Unit 3 Destination Discussion - Nicaragua
Members of the group should read The History of (Authentic) Fair Trade – a graphic booklet produced by our partners at Equal Exchange.
You can also check out this blog post from Equal Exchange, explaining why they trade exclusively with farmer’s coops, rather than with plantations:
Do you drink coffee? If so, what surprised you, if anything, about the conditions under which much of our coffee is produced, as portrayed in this story?
- What feelings come up for you when you think about the origins of some of the coffee products we enjoy?
- Do you think reading this graphic book will lead you to change your consumer behavior at all? If so, in what ways?
Have you seen the fair trade label on products at the store before?
- Have you made purchasing decisions based on that label?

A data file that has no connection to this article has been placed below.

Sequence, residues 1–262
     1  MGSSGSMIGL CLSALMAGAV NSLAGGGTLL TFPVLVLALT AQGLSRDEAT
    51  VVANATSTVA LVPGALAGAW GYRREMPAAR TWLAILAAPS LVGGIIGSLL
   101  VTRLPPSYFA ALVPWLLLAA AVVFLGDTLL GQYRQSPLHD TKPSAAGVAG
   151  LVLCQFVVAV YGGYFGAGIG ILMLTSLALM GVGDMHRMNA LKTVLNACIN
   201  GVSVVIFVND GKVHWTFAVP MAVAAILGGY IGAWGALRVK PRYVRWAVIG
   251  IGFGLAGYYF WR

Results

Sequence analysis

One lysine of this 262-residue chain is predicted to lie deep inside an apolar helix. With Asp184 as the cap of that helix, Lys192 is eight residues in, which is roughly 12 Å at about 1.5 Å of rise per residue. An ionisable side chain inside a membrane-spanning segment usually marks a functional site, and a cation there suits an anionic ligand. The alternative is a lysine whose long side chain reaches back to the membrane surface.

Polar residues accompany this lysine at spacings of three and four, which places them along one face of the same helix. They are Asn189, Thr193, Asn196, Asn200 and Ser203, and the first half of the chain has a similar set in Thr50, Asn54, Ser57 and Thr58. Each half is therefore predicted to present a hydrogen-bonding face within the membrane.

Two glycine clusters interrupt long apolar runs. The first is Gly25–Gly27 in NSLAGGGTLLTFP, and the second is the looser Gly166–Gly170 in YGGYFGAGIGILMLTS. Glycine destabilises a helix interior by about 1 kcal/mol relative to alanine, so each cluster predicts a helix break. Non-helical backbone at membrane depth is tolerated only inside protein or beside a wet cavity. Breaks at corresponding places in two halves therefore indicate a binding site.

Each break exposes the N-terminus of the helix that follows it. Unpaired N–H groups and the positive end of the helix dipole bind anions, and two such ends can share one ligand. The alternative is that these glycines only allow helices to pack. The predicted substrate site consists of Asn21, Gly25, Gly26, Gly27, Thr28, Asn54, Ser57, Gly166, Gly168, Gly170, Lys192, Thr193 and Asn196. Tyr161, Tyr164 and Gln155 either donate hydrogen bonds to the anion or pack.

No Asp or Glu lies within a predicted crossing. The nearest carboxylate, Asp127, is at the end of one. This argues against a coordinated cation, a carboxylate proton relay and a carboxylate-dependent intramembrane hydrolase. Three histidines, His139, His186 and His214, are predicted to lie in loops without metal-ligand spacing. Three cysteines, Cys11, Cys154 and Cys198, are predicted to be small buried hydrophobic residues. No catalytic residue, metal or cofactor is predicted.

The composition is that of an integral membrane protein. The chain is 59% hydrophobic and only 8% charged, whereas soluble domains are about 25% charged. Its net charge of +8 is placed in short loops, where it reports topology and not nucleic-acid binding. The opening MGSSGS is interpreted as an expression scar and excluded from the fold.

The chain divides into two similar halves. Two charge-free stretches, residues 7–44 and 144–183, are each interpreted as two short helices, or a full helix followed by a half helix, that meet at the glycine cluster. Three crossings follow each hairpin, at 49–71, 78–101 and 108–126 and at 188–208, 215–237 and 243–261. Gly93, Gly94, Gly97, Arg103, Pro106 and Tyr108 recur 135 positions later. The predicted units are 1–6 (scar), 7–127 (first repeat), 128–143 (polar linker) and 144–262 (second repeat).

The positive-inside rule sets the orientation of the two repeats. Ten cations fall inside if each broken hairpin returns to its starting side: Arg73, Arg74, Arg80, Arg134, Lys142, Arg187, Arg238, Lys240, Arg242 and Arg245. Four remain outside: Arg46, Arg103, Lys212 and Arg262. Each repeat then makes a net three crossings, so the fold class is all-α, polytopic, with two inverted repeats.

- If so, what feelings were brought up for you by reading Equal Exchange’s critique of the existing fair trade system, as it is used by some major multinational companies?
- What, if anything, do you think this critique of the mainstream fair trade system (as represented by Fair Trade USA, e.g.) gets right? What, if anything, does it leave out, in your view?
Based on the blog post, what are some of the parallels you observe, if any, between the challenges still faced by small farmers today and the abuses described in the History of (Authentic) Fair Trade graphic booklet?
Take a break by listening to “El Pueblo Unido” (The People United), by Inti-Illimani, which is referenced in the graphic booklet. This classic Latin American protest song was first written in Chile shortly before the democratically elected President Allende was overthrown and assassinated in a U.S.-sponsored coup. The song became a symbol across Latin America for resistance to unjust U.S. policies and Western-backed dictators in the region.